No Cutting Corners, USU Eastern’s Cosmetology Program Back on Track

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After being revived from the dead, the USU Eastern Cosmetology program is looking forward to not only surviving, but also building itself into a growing and vibrant community asset.

Tuesday afternoon, a small and dedicated group of community members gathered in the SAC building on Eastern’s campus to form an advisory board.

Cosmetology Director Debbie Prichard welcomed the gathering and thanked the community for its support and help. She explained that the focus of the advisory board would be to ensure the quality education the cosmetology program offers continues and enhances the campus mission.

Much of the discussion focused on the need to make sure the program continued to provide a quality education while allowing students who might not feel they are ready for a more traditional path to a college degree a way to participate in the secondary education experience. Since the program primarily enrolls young women, it can be the stepping-stone for women to begin the journey to self sufficiency and educational opportunities.

Pritchard introduced Suzanne Simmons, franchise owner of eight Great Clips stores along the Wasatch Front. Simmons will be opening a new shop in Price in the near future. She felt it was important to dispute the workforce services statistics that were used to originally close the program.

Great Clips is one of the largest employers of cosmetologists in Utah with over 60 stores and 600 stylists, and growing. Each salon employs eight-10 stylists. Super Cuts and Sport Clips franchises are also expanding at a robust rate. A stylist can expect to start at an hourly wage and can supplement that wage with bonuses related to productivity, product sales and tips. The mean wage of a Great Clips stylist is $15.60 per hour and the medium wage is $14.00. Stylists may also contribute to a 401(k) and receive vocational matching benefits. Opportunities to move into managerial, training and corporate positions are available as well. Simmons has employed many graduates from Eastern’s program.

Simmons said students that obtain their associates as part of becoming licensed have a leg up in advancing within the organization from daye one. The other statistic she felt was misleading was the number of licensed cosmetologist in the state, which is 30,000. The actual pool of those working or seeking work in the field is significantly less, said Simmons. She explained the number does not factor the individuals who obtained licenses but are no longer working in the field for various reasons. Many renew licenses just to obtain beauty products at significantly reduced cost. Some keep it renewed as a safety net in case a second job is needed or they lose the one they have. Simmons also feels that the statistic does not factor in the portion of licensed stylists ready to retire or are retired.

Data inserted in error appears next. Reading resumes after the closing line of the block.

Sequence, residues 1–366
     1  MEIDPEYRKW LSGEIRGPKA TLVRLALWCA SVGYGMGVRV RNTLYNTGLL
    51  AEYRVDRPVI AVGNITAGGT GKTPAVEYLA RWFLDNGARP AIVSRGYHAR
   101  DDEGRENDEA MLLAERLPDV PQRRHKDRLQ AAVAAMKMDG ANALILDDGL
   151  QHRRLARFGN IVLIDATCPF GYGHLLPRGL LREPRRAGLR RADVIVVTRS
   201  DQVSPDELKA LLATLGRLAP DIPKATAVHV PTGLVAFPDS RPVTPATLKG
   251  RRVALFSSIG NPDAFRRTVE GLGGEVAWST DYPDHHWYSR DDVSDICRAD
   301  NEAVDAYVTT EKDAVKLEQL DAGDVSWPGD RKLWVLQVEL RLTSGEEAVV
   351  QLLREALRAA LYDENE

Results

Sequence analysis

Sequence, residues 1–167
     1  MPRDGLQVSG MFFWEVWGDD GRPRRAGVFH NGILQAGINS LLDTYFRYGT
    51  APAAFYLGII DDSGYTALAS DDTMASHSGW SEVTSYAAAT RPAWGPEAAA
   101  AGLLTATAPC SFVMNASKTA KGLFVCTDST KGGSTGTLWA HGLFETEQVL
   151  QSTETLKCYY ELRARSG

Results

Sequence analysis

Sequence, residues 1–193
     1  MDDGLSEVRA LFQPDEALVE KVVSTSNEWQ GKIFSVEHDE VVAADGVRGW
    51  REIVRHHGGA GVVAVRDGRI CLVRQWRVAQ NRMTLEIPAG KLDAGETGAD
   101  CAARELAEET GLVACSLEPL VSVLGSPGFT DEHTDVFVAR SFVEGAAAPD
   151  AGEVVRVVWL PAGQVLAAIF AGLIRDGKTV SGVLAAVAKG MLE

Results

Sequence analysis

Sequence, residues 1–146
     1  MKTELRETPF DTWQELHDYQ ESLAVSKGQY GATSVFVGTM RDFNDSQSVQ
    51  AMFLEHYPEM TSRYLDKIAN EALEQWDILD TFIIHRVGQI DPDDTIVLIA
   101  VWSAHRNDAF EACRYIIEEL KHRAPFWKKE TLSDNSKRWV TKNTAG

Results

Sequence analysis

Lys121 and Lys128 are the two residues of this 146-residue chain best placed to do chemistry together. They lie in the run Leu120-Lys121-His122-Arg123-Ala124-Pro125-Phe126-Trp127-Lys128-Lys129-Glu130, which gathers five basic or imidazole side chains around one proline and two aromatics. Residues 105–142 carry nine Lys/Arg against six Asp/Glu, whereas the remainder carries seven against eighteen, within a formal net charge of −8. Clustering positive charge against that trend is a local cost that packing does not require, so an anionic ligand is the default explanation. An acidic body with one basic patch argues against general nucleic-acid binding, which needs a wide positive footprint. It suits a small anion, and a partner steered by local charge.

Price City Mayor Joe Piccolo was named a member of the board. He has both personal and community interest in seeing the program a success. He said would love to see it expand and wants Applied Technology Education (ATE) continue as part of the college curriculum as well as in high schools. He supports the mission of the college and Utah Governor Gary Hebert in raising the amount of Utahan’s that hold a post secondary degree, but wants to make sure ATE and certification programs, not just traditional college degrees, are included.

Kristine Ori and Rochelle Badback recounted how they were able to support themselves and their children with their cosmetology licenses during the years they were single parents.

Judy Mainord with the Carbon School District also expressed a need for ATE opportunities and is dismayed that the construction program is ending. She said 19 girls from Carbon High School are currently enrolled and would be devastated if it shut down. Mayor Piccolo felt the board could be a positive element between the department and the administration to set and help carry out a strategic plan to sustain and grow the program. The board will attempt to do so with four areas of emphasis including funding, marketing, recruitment and retention.

The group will meet again Tuesday at 5 p.m. in the SAC building on campus. Those interested in helping may contact Debbie Prichard at 613-5302.

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